As the state’s chief financial officer, I believe that to be successful, government – just like business – needs innovation, efficiency, and continuous improvement. I’m pleased to report the success of my 2010 Legislative agenda. My six bills – including a proposed amendment to the state Constitution – all serve the central goal to save money by improving performance to get the maximum value from every tax dollar. And, I’m proud that all six passed with bi-partisan support from both the House and Senate.
2ESB 6221 – Providing local government entities better access to a low-cost, short-term investment option
This legislation clarifies and expands the list of eligible Local Government Investment Pool (LGIP) participants. Under this legislation state agencies such as the State Lottery and federally recognized tribes are allowed access to this voluntary program. The LGIP has been a popular and successful tool for local governments in Washington State since 1986, providing a safe, low-cost liquidity vehicle for its participants. Additionally, local governments have realized a significant yield pick-up compared to what they would have achieved in comparable privately managed funds. Past Legislatures had amended the statute to allow the State Finance Committee and institutions of higher education to utilize the LGIP. Other governmental entities that had been excluded from the LGIP because of the narrow scope of the previous statute now have access to the program.
Gov. Chris Gregoire signed the bill into law on March 31, 2010.
SB 6219 – Time Certificate of Deposit
This legislation allows the treasurer to utilize treasury surplus funds or funds from the LGIP for the TCD program. The LGIP is a short-term liquidity vehicle for local governments. Due to the shorter nature of the LGIP portfolio CDs are an attractive investment option. Local governments would have enjoyed a higher yield if the LGIP funds were utilized for the TCD program. Previously, the State Treasurer was required to make funds available for deposit into qualified public depositaries, if there were sufficient balances in the state treasury. Since the treasurer was required to place those funds, if available, into the TCD program, the core portion of the state’s portfolio was utilized for this program. This core would normally be invested in securities with longer maturities and higher yields than the state receives on the deposits. Since 2002 the new option provided by this legislation could have achieved $24 million in additional state earnings, while at the same time the LGIP participants could have received an additional $3 million in earnings.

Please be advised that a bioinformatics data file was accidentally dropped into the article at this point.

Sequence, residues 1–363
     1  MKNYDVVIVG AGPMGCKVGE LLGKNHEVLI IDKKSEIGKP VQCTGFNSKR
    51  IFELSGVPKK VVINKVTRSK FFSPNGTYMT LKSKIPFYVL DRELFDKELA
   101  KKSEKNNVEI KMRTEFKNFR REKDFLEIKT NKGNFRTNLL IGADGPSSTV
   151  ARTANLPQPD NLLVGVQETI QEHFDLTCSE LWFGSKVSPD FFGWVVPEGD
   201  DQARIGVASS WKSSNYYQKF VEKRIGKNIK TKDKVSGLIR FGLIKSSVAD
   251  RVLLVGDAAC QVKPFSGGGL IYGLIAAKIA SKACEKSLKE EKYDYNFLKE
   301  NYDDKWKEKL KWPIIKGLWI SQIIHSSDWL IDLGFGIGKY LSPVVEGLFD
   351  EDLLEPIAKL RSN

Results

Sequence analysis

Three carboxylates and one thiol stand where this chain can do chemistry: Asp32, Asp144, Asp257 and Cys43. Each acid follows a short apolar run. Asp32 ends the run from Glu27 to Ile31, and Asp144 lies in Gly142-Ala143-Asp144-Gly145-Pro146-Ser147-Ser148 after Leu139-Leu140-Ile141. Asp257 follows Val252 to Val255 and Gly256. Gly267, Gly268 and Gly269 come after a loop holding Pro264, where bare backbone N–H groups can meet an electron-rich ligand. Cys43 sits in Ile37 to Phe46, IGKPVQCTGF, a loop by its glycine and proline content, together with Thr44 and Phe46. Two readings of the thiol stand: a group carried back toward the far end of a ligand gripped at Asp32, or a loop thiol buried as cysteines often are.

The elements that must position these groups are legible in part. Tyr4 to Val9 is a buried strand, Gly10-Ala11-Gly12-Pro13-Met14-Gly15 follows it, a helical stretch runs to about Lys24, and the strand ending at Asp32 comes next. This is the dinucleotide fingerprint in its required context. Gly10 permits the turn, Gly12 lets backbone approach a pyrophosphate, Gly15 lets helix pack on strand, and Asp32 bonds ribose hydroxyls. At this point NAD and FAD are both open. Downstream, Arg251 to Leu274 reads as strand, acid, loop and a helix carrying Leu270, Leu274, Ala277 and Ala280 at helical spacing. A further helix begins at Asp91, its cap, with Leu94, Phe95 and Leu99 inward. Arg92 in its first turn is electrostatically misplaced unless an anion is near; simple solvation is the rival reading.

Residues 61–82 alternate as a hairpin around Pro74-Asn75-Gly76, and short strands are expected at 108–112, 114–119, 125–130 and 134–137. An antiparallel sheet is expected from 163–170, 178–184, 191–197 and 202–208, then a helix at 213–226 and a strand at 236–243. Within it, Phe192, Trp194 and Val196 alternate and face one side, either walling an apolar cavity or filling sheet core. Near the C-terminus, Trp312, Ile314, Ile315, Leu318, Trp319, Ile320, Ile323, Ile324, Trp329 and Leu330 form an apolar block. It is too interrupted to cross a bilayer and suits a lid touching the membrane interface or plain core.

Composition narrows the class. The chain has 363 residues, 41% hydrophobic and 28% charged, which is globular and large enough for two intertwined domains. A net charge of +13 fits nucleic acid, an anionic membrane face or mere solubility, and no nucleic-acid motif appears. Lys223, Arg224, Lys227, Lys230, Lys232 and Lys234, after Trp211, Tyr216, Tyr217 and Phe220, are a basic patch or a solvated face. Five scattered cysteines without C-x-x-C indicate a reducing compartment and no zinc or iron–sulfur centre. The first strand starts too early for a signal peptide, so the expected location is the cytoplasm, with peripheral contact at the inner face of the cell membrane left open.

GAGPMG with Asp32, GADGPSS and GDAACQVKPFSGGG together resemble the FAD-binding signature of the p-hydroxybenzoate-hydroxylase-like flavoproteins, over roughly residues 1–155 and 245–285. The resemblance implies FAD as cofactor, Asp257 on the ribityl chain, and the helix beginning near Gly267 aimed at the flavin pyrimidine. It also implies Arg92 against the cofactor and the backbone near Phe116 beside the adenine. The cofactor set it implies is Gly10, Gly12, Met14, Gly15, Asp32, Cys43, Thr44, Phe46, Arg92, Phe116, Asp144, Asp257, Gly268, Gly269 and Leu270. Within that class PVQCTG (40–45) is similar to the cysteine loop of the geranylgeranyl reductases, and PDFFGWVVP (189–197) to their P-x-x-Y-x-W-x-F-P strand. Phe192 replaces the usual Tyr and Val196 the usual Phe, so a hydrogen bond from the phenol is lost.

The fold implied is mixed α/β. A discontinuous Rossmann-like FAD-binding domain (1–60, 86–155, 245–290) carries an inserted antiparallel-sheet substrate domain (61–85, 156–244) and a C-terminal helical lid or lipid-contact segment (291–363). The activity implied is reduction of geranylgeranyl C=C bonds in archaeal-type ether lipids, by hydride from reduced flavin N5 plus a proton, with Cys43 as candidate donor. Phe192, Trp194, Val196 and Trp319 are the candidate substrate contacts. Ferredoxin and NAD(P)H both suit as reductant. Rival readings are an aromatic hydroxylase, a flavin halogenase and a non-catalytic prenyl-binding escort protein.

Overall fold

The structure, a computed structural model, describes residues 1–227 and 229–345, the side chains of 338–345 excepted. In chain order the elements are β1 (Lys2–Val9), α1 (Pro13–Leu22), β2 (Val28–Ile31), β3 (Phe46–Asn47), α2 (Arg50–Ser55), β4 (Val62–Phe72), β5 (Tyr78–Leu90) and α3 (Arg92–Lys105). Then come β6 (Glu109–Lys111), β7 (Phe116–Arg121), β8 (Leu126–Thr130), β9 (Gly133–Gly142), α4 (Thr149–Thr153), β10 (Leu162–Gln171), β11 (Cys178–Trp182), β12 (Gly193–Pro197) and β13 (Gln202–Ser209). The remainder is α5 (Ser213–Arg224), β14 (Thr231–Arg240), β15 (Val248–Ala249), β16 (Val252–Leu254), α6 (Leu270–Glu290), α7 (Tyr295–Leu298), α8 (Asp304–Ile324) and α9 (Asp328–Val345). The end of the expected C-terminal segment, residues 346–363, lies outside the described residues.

Gov. Chris Gregoire signed the bill into law on March 19, 2010.
SB 6218 – Authorizing use of voter approved local excess tax levies to pay financing contracts under the Local Option Capital Asset Lending Program
This legislation allows local governments that have received voter approval for the issuance of “bonds” payable from excess property tax levies to issue the bonds in the form of a financing contract or financing lease with the State Treasurer under the LOCAL program. This was accomplished by changing the statutory definition of the term “bond” in 39.46 RCW to clarify that such term also includes a financing contract, financing lease or other evidence of indebtedness to which the voter-approved excess taxes may be pledged. This allows such a local government to accomplish its voter-approved borrowing through the OST LOCAL program. It gives them the ability to levy a special tax to repay the bonds, which provides flexibility outside the General Fund. Voter approved bonds are the strongest we can offer the market. The previous statue did not allow these bonds from being financed through the local program.
Gov. Chris Gregoire signed the bill into law on March 18, 2010.
SB 6220 – State Finance Committee (SFC - Governor, Lt. Governor and Treasurer) Request Legislation